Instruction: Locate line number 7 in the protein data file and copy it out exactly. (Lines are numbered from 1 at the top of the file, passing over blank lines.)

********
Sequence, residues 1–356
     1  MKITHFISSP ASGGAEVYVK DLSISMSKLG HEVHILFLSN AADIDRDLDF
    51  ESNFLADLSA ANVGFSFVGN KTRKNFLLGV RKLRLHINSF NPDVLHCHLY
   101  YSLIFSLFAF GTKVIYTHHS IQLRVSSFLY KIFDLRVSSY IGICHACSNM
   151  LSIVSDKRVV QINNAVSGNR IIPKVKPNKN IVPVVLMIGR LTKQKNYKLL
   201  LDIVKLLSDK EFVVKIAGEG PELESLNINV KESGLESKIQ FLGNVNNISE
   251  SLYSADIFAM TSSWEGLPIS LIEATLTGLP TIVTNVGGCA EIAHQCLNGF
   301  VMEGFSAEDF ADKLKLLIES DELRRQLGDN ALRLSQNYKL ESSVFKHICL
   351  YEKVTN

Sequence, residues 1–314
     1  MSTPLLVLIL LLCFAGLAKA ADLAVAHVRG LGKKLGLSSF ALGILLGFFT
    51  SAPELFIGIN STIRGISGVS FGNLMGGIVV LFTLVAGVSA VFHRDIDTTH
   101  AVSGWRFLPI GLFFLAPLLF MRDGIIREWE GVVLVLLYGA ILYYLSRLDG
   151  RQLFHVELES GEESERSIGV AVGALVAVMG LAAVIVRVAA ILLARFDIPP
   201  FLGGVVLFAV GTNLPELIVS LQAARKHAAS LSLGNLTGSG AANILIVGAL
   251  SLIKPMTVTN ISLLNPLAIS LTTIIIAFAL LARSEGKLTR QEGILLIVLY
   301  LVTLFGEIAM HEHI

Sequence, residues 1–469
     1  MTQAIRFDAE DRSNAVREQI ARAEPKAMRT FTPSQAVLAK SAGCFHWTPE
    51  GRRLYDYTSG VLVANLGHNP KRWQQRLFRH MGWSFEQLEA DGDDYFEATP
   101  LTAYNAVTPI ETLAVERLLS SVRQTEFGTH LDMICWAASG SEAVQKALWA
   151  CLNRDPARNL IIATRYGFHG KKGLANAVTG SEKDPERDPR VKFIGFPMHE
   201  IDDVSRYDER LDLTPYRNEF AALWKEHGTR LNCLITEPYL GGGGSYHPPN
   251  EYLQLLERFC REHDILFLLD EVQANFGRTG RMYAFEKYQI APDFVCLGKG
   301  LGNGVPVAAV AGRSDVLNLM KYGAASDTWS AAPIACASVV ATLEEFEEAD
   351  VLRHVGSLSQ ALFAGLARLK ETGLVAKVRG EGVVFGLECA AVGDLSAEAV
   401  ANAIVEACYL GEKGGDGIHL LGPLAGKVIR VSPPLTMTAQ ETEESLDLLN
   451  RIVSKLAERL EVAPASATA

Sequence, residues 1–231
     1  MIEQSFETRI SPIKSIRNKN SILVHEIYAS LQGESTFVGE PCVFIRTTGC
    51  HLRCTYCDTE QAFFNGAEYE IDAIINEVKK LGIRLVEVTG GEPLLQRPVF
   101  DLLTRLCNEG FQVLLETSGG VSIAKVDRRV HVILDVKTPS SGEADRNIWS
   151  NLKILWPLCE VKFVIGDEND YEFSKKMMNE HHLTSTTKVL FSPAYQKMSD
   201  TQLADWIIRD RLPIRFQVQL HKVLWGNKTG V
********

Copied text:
   251  SLYSADIFAM TSSWEGLPIS LIEATLTGLP TIVTNVGGCA EIAHQCLNGF